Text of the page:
House and Senate Democrats remained deeply skeptical of President Barack Obama’s tax cut deal Tuesday, after a full-day sales pitch by White House officials that the agreement with the GOP is the best they could get given the circumstances.
Despite a mid-afternoon visit to the Senate by Vice President Joseph Biden to try to calm Democratic nerves — and a nationally televised press conference by Obama in which he chided Democrats over their “ideological purity” — party leadership in both chambers remained noncommittal.
Senate Majority Leader Harry Reid (Nev.), normally one of the loudest cheerleaders for any White House proposal, refused to say whether he would support the bill. Reid said after the meeting with Biden that he would “do what’s best” for the country and that “I think we’re going to have to do some more work” to build support.
During the meeting with Democrats, aides said, lawmakers were often openly combative with the vice president. “Biden got an unfriendly reception. Lots of hostile questioning and grousing, particularly about the estate tax. Senators were not on their best behavior,” a senior Democratic aide said.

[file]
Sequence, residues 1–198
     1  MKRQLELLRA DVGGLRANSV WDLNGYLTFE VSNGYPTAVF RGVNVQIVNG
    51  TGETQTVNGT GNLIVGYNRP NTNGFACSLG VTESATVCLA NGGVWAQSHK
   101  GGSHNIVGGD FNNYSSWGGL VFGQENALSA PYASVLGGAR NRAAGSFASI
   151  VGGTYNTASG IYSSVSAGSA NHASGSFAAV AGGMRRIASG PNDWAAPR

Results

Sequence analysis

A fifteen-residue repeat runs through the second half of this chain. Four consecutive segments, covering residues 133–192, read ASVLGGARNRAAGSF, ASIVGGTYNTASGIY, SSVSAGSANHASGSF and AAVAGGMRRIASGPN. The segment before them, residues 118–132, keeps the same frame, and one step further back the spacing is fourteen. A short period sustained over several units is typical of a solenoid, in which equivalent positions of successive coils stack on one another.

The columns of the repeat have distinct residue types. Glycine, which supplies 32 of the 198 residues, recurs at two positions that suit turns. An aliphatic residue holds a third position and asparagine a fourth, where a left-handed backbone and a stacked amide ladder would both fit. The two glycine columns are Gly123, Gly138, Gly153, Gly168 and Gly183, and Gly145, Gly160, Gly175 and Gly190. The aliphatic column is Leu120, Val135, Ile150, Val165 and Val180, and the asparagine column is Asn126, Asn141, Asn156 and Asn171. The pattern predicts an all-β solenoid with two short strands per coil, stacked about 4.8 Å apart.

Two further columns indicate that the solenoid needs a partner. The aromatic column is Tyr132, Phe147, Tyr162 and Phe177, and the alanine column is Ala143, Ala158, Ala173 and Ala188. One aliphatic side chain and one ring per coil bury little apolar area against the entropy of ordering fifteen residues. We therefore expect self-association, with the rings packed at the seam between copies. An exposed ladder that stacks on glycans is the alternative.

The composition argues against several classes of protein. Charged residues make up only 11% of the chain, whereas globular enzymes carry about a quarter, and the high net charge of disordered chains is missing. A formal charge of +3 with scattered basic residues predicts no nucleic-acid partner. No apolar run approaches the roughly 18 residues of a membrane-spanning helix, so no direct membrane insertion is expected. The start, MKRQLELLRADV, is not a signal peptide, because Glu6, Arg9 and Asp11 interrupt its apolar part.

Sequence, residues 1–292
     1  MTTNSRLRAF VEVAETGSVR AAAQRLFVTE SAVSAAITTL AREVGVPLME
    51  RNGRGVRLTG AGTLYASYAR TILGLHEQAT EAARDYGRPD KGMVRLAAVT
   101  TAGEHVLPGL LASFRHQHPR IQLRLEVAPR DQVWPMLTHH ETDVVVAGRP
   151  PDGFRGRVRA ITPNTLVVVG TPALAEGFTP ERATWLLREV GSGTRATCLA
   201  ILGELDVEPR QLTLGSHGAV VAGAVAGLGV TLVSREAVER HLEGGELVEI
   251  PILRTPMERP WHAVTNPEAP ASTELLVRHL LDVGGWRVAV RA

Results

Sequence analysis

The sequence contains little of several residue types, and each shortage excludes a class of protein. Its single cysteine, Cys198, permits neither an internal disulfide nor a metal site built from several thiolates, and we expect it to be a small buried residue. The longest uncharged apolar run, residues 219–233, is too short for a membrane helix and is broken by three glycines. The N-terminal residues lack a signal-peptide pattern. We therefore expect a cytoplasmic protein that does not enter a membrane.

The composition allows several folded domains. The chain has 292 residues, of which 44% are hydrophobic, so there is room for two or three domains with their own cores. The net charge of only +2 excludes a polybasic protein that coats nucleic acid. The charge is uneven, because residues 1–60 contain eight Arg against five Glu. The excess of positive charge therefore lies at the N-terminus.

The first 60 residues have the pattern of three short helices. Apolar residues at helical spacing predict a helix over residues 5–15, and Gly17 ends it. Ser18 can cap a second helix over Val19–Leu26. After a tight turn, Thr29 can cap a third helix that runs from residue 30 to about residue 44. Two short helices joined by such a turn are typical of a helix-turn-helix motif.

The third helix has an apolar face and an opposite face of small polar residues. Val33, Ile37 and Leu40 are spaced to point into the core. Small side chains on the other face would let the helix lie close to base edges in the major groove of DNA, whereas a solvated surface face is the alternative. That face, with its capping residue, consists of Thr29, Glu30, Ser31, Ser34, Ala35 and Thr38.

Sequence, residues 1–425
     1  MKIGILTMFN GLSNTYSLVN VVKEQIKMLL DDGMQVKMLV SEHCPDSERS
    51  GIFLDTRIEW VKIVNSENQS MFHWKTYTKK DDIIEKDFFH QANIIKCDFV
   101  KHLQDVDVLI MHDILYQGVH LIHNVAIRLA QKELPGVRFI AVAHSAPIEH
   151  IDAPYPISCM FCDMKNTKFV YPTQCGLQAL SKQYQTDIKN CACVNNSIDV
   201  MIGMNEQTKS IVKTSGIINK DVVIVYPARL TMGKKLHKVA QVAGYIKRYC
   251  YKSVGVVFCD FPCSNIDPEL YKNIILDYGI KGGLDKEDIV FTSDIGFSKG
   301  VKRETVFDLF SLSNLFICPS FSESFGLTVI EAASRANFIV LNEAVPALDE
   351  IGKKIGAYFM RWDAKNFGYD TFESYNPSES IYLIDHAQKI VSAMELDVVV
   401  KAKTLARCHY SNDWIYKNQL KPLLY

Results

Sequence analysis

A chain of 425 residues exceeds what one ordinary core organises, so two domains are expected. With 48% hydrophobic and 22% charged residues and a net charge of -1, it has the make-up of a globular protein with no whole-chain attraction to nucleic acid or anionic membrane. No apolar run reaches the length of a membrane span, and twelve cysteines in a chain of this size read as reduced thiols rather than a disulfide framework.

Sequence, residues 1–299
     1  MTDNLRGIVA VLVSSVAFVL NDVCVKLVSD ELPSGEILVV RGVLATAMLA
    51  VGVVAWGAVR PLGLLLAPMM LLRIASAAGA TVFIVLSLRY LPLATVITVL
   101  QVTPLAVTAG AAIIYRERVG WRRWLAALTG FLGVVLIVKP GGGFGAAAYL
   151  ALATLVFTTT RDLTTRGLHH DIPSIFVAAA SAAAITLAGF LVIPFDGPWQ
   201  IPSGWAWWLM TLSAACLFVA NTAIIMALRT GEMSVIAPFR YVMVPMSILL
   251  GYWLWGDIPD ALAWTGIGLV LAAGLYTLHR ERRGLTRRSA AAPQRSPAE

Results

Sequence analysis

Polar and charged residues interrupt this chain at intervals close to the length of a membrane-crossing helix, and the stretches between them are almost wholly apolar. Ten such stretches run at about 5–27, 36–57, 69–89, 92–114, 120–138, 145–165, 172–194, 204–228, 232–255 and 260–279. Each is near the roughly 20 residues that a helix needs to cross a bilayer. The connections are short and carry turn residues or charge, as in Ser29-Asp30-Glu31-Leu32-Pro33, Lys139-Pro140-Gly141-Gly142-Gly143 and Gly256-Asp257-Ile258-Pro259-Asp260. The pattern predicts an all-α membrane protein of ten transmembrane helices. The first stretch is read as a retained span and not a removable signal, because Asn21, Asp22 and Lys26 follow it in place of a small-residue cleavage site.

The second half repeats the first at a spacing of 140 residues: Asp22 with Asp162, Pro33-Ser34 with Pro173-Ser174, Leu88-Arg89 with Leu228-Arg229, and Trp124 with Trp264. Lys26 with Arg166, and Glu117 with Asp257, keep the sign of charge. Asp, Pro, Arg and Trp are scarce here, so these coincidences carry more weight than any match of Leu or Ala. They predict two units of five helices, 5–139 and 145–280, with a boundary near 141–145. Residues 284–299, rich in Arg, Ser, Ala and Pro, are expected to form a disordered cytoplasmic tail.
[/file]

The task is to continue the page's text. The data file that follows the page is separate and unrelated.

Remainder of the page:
Senate Democratic Conference Vice Chairman Charles Schumer (N.Y.) refused to comment after the meeting, repeatedly telling reporters, “I’m not talking.”
Senate Democrats, who will likely take up the bill sometime late this week or early next week, are set to meet today to further discuss the measure in hopes of beginning to build support.
House leaders were equally cool to the deal, with Speaker Nancy Pelosi (Calif.) criticizing the agreement while refusing to say she would oppose it. When asked what else House Democrats might seek to make the deal more palatable, Pelosi said, “To be continued.”
House Democratic leaders first learned about the White House deal with Senate Republicans from a press report in the Daily Caller, according to a Democratic source familiar with the negotiations. Particularly galling for Democrats is that a number of administration officials were told that including any sort of estate tax proposal was a real problem. Some Democrats thought this was not a make-or-break item for Republicans, but the administration gave in anyway.
House Democrats are also irritated that Obama negotiated the deal mostly with Senate Republicans.
Asked whether he thought House Democrats had enough input before Obama announced the deal, Majority Leader Steny Hoyer (D-Md.) said, “I don’t think House Democrats think so.”
Other top Democrats also ripped into the deal, and the reaction from rank-and-file Members was even worse.